"MakerBot is now available in 42Microsoft ( MSFT ) stores, and Stratasys has established relationships withAmazon (AMZN) andAutoDesk (ADSK) as resellers," Susanto said.

3. Outlook

Financially, 3D printing companies have run into a few more head winds lately. Stratasys last month projected 2014 EPS below street estimates, though the company's revenue outlook exceeded expectations.

Analysts expect 3D Systems to deliver a 19% decline in earnings when it reports its 2013 Q4 results on Feb. 28. That would give the company a 5% annual EPS gain for the year, down from 77% in 2012 and 81% in 2011. Analysts polled by Thomson Reuters project a 1% EPS gain in 2014.

ExOne, which is due to report fourth-quarter and full-year 2013 results next month, lowered its 2013 revenue outlook on Jan. 14. It cited sales delayed by customers in Russia, India, Mexico and France.

The slowing trend notwithstanding, analysts don't sound too worried about the industry.

"Monthly orders and quarterly numbers will only tell a small piece of the story," analyst Brian Blair of Wedge Partners noted in a recent report. "We believe this is a multi-year story that is only beginning to unfold."

The bigger story, he says, is that prices of printing machines are destined to drop. The sector will need volume gains at both the low and high ends to maintain momentum.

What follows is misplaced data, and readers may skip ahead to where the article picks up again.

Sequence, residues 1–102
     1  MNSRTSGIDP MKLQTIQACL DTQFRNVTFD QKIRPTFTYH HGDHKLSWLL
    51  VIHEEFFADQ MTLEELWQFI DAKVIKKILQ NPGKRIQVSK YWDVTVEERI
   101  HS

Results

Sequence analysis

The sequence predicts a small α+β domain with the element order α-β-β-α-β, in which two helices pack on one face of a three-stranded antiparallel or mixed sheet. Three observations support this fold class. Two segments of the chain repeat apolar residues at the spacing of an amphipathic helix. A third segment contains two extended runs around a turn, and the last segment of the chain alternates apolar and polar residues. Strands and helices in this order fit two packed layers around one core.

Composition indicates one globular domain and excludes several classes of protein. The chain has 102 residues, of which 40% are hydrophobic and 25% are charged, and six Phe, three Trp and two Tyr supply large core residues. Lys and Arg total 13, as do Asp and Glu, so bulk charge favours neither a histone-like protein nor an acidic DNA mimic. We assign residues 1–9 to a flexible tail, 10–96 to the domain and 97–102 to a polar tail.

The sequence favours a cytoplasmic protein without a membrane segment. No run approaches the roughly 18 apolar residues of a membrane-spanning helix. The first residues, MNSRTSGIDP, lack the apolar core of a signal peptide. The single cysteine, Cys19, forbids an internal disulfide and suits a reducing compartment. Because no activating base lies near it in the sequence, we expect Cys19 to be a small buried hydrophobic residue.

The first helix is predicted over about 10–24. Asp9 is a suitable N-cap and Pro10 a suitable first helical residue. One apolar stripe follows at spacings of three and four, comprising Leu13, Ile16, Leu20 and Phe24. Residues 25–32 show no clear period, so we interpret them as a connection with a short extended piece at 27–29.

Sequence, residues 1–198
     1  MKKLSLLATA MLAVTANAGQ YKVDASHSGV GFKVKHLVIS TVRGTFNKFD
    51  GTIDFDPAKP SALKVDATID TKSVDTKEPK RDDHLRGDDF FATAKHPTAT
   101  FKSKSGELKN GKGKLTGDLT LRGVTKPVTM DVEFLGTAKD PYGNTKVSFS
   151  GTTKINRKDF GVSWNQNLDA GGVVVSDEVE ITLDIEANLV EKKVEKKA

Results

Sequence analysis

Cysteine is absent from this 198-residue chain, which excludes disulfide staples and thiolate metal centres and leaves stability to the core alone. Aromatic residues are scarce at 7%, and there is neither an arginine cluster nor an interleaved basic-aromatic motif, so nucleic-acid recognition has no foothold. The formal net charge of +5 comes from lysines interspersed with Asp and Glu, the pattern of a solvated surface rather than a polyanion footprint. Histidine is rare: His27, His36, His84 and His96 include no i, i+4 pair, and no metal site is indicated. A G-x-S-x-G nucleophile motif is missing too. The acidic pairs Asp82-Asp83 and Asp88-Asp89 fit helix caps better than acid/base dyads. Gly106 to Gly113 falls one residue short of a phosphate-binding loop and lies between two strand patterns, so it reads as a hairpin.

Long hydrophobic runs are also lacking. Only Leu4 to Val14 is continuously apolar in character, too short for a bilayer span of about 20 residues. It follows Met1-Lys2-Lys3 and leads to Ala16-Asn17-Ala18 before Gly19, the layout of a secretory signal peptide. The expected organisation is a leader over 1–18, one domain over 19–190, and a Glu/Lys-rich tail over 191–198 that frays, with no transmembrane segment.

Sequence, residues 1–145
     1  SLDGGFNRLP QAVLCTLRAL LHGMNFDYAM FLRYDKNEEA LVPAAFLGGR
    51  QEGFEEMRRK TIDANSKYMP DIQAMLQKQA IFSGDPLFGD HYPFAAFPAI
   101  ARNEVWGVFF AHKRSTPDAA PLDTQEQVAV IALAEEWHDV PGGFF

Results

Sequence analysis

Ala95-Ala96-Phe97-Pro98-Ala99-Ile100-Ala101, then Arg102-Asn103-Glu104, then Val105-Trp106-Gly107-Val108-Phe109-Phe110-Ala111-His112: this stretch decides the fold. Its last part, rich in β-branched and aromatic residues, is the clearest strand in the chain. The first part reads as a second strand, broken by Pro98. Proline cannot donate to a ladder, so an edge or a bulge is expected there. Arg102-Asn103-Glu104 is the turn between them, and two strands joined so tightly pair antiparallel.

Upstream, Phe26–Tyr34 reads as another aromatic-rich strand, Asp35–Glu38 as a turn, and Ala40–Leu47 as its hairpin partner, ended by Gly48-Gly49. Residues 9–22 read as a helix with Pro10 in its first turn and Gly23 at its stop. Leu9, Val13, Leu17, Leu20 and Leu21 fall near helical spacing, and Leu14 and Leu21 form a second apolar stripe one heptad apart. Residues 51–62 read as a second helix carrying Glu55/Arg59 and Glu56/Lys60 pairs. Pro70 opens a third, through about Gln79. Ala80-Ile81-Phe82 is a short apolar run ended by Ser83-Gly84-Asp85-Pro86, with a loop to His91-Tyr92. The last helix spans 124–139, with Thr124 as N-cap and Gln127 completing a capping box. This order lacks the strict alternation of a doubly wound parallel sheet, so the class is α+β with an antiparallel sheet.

Freedonia Group projects some of those volume gains will be in the medical and dental markets, "with especially good opportunities expected in dental applications such as braces, prostheses, crowns, bridges, dental aligners and models for dental restoration procedures."

Other growth markets for 3D printing products include consumer products like jewelry, toys and consumer electronics, and aerospace, which Freedonia reckons will deliver above-average growth.

Analysts expect the U.S. to remain the largest global market at more than 40% of global sales, though Western Europe and China should be strong growth areas as well.

4. Technology

The basic technology used by modern 3D printer manufacturers dates back more than 30 years, to when 3D Systems founder Chuck Hull invented and patented what he dubbed "stereolithography."

The technology continues to advance as 3D printers are used in more applications. But the main focus is on building machines that can do more things at a lower price.

Do a Web search for cheap 3D printers and you'll find some personal models listed for as little as a few hundred dollars. Most of these are offered by smaller, privately held firms. On its website, 3D Systems lists personal 3D printers starting at $1,299.

Meanwhile, high-end, industrial grade printers can cost tens of thousands of dollars.

Analyst Blair says the industry is "on the cusp of disruption in the manufacturing sector" as 3D printing sector evolves.

The timing of breakthrough to mass adoption "isn't at all clear," Blair noted. "What is clear is that the capabilities of 3D printers are getting better every six months, and the ease of use is improving, as is the quality of what is available under $1,000."



The views and opinions expressed herein are the views and opinions of the author and do not necessarily reflect those of The NASDAQ OMX Group, Inc.



This article appears in: Investing , Investing Ideas

Referenced Stocks: DDD , SSYS , XONE , VJET , MSFT